Nataly Drik is executive director of the Blockchain Association of Ukraine, a non-profit organisation that actively promotes and fosters the integration of blockchain technology into the economy in Ukraine and works globally.
She says she became involved in blockchain and was “using our knowledge and experience to facilitate positive shifts in Ukraine, as a result we formed the NGO IDF Reforms Lab which I headed.”
“All our first conferences, hackathons, meetups were held in our office, in particular Blockchain.ua and Bitcoin Talks Ukraine,” she says.
In her previous role, she is proud of the anti-corruption bureau – which represents a new format for the prosecutors’ office. “My colleagues also developed technological aspects for the Prozorro public procurement system. This project is recognised as the biggest technological breakthrough in Ukraine,” she says.
“We always work following a cyclic principle PDCA (Plan, Do, Check, Action). Therefore, we always analyse our achievements and work on our mistakes,” she says.
“One of the results of this work was the updated E-auction procurement project. This is an auction on the blockchain platform that we proposed for conducting privatisation in Ukraine. This project has grown into a business and it is known as the Shelf Network project.”
She describes technologies as “so diverse and insanely powerful. They can make our world a better place, more easy and friendly to humans, even though it sounds like a paradox.”
“Yet, the world still has bureaucracy, and very often this is what prevents technologies adoption and implementation in our country,” she continues.
“So solving this problem and making the lives of people more easy and optimised by means of technology inspires me the most in all projects. Also, what inspires me is the philosophy, urbanistic studies and smart people.”
She says the technology is quite complex and global and she’s “worried” about the recent increase in projects that could discredit the technology itself. “After all, people can get the impressions that the technology is not working,” she explains.
“Very often these projects are not that completely bad, but simply weak in terms of implementation or business model,” she explains.
“I want to emphasise that without optimised processes together with deep business model and their consensus, blockchain technology hinders much more than helps.”
Ukraine has a great blockchain community and “we are united not only because of the altruism, but also because of the pace and complexity of the tasks and challenges appearing as well as because of the people who form the community.”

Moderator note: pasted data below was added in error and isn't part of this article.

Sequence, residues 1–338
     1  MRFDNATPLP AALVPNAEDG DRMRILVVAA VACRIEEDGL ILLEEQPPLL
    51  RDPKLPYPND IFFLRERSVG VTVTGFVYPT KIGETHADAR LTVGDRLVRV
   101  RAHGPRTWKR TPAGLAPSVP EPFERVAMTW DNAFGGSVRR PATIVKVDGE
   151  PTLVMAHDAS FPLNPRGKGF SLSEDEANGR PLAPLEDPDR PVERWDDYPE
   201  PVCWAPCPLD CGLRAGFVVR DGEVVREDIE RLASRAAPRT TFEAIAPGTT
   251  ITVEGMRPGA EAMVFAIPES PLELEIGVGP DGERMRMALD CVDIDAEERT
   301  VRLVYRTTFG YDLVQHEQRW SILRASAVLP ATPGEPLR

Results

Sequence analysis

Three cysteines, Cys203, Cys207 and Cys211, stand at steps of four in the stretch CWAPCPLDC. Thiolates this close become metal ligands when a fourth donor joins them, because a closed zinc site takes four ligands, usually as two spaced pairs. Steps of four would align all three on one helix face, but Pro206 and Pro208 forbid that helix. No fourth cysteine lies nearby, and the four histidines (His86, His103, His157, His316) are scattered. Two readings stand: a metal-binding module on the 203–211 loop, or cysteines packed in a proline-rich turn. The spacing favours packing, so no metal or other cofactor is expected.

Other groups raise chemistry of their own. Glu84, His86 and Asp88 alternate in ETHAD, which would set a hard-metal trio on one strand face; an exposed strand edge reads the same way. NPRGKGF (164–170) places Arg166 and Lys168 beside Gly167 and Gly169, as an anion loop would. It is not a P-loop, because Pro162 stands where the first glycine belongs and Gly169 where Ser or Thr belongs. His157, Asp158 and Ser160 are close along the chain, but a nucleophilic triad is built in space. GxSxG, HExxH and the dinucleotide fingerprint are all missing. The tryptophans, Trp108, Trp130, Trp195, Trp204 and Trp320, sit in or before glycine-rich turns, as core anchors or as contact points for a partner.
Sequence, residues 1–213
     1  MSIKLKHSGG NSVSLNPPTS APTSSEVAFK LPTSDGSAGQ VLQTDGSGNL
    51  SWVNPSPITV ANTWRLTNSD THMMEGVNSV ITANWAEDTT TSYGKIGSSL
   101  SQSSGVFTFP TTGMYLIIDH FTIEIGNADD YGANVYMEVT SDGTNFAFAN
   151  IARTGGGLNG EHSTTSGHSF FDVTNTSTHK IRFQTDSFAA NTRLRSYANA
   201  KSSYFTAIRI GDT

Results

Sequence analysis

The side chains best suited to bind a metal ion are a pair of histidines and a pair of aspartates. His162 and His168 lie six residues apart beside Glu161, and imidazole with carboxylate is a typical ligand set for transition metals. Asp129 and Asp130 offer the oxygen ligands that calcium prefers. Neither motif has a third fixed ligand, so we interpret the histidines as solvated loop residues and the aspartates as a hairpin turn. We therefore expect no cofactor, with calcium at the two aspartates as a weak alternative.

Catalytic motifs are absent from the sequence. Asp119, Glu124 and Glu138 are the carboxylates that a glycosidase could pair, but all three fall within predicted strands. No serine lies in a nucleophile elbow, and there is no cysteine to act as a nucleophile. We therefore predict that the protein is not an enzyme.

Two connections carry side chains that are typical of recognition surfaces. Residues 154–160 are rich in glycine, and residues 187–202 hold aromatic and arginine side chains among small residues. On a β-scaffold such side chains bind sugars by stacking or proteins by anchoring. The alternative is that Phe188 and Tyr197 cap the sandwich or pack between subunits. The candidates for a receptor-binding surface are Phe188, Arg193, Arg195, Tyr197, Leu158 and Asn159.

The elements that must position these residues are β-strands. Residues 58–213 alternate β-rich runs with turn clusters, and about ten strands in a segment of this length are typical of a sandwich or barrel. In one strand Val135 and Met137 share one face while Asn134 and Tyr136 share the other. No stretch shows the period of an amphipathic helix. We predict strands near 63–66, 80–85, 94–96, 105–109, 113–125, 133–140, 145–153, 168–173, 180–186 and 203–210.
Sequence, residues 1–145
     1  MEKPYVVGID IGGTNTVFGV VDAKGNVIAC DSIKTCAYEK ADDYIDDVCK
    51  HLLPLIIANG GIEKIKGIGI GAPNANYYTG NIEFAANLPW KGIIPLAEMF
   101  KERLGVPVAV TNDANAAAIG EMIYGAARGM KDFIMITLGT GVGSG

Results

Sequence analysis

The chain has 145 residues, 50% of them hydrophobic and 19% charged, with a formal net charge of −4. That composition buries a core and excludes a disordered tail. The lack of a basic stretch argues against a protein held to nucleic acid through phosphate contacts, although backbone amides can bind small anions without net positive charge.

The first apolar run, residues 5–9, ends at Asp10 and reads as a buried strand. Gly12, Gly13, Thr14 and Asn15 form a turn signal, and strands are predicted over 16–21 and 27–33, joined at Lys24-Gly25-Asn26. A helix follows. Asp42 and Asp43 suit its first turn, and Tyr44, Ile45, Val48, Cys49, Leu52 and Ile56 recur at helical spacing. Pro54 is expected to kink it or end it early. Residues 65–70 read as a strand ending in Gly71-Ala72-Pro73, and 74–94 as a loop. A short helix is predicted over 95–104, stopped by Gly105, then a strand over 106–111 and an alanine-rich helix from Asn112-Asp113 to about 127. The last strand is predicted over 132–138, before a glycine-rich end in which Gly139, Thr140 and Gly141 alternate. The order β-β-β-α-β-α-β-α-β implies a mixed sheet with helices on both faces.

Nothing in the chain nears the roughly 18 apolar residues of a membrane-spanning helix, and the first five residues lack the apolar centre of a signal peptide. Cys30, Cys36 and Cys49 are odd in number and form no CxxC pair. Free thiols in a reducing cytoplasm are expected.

Women in blockchain
On the perennial issue of gender imbalance, she says there are many theories about why there are so few women in blockchain.
“One of them is based on the fact that since at school many of us have been taught that hard science and high-tech professions are not for girls,” she adds.
“Blockchain, as technology that comes from IT, also shows this tendency. We do have to balance this, however, I would say it is not that bad in Ukraine. Yet, girls are still timid to go to the stage and speak, when they might have much stronger skills.”
On mass adoption, she says: “I am not a McAfee or Nostradamus. I can say for sure that there is a progress, but still we want a lot more.
“Now the blockchain is still in its ‘early morning’ phase and we have everything ahead. What can be in the forefront of using technology, in my opinion, is accounting of various bonuses, electricity and medicine.”
She believes 2019 will be a year of “detox and building.” “We will have many quality and strong projects implemented,” she adds.
With ICOs, she says: “Time and quality heals everything. Not many people now remember the dotcom crisis, although the scale in this case was much larger than the ICO.
“Despite the legal side and regulations being there, 95% of the projects failed. However, now we remember only such wonderful fruits, such as Facebook and Google,” she says.
There are now the quiet battles between freedom and regulation, she adds. “There are many examples in history and they all confirm that people love to sell their freedom for a sense of security.
She continues: “Therefore, it would be good if the world community would not close its eyes to existing problems because of profits, but thought about what should be done in order to prevent these problems, and analysed what led to the fact that current financial market does not work well. But what and how exactly it will happen in this course, we all will know later.”
She says stable coins are “one of the first hybrid ways of mass adoption improvement. I think in the near future we will introduce our community to the new stable coin.”
Cryptocurrencies still small
Now things are developing and “we are not taking our infrastructure seriously,” she adds. “Various regulators and law enforcement agencies do not push on us too much. It seems to me that this is happening because almost all cryptocurrencies are still very small.
“But from the point of view of the state in its current understanding – mass adoption – is bad.”
“I am sure that very soon they will need to change their rules greatly. They also understand this, but they don’t know how to do it yet,” she says.
“Neither the regulator nor the people. And everything that people do not know, regulators prohibit or blame people,” she says.
“Therefore, as you can see, we all need not only time, but also a well thought-out policy for adoption of changes. Now I see only the organic way, as the most correct, but in the future it will be necessary to apply a more methodical approach.”